Walt Whitman
Leaves of Grass


"Yes my brother I know,

The rest might not, but I have treasur'd every note,

For more than once dimly down to the beach gliding,

Silent, avoiding the moonbeams, blending myself with the shadows,

Recalling now the obscure shapes, the echoes, the sounds and sights after their sorts,

The white arms out in the breakers tirelessly tossing,

I, with bare feet, a child, the wind wafting my hair,

Listen'd long and long." ("Sea-Drift", Leaves of Grass)

Walter Whitman was born in West Hills near Huntingdon on Long Island, New York, May 31 1819 and spent some of his youth in Brooklyn. Due to his limited formal education he began his working life as an office boy and was subsequently a printer, journalist, and itinerant schoolteacher around Long Island. He also entered the political fray as a Democrat before moving to New Orleans, back to New York, to St Louis and Chicago writing for various newspapers and journals after 1848. He published some of his own writings but it was not until well into his thirties that he displayed the poetic powers that would make him America's most influential poet of the nineteenth century.

It was in the year 1855 that he emerged explosively onto the American literary scene with an extremely personal, even narcissistic, volume of poetry called Leaves of Grass. It was radical in the freeness of its verse that seemed to defy rhythm and rhyme to create its own sound world. He shortened his name to Walt as part of his reinvention and Ralph Waldo Emerson (a considerable influence upon him) wrote to inform him memorably, "I greet you at the beginning of a great career". Further, he wrote that Leaves of Grass was, "the most extraordinary piece of wit and wisdom that America has yet contributed". This was high praise but not undeserved.

For many years Whitman continued to add to the initial twelve poems, with twenty-one new poems in the 1856 second edition, 122 in the third of 1860 and more in six more editions of revisions and additions. Whitman was involved in the American Civil War as a clerk in Washington and a nurse (1862-5) in a volunteer hospital. The experience here affected him greatly and some of his feelings on the subject can be found in his Drum-Taps (1865) that was later included in Leaves of Grass and in the prose piece Memoranda during the War (1875).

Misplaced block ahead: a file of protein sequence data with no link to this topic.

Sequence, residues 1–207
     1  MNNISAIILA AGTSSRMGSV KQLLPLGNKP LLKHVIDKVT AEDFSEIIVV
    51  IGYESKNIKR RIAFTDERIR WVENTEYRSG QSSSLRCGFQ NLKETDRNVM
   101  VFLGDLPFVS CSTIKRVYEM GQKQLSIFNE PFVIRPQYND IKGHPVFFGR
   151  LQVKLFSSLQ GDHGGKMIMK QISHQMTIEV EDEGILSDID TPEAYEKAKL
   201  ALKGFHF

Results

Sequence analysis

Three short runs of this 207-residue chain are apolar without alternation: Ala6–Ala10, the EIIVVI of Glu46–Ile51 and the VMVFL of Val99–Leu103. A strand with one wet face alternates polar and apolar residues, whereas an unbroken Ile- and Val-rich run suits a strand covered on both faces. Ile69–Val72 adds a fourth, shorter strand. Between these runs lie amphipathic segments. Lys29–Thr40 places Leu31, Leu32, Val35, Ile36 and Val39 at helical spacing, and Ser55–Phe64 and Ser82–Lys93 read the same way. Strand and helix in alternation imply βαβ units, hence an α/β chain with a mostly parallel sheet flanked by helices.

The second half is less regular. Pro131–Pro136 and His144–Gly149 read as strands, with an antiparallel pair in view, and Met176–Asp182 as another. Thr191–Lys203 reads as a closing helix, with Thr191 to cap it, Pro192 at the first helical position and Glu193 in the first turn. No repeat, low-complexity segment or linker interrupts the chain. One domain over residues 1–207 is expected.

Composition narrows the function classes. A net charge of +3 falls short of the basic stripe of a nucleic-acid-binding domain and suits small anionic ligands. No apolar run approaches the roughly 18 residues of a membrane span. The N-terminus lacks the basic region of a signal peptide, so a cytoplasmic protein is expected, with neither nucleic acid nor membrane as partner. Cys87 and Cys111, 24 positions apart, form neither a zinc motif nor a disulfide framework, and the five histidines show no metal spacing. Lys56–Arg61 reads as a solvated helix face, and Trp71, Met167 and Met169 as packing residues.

Whitman was not accepted by the public at large, possibly due to his sexual frankness and homosexuality, possibly due to the rough image he cultivated. However, his star rose with the praise bestowed upon him by English writers such as Swinburne and Rossetti. Although his later writing from Camder, New Jersey (particularly after a paralytic stroke in 1873) lacked the verve and originality of the earlier poetry he was the prime influence upon writers such as Hart Crane and Allen Ginsberg due to his new exploration of individual freedom and radical experimental writing.

The Walt Whitman Collection Offers access ot the four Walt Whitman notebooks
Withman's Birthplace Information on Walt Withman's birthplace
Charm.net A brieg biography on Walt Whitman

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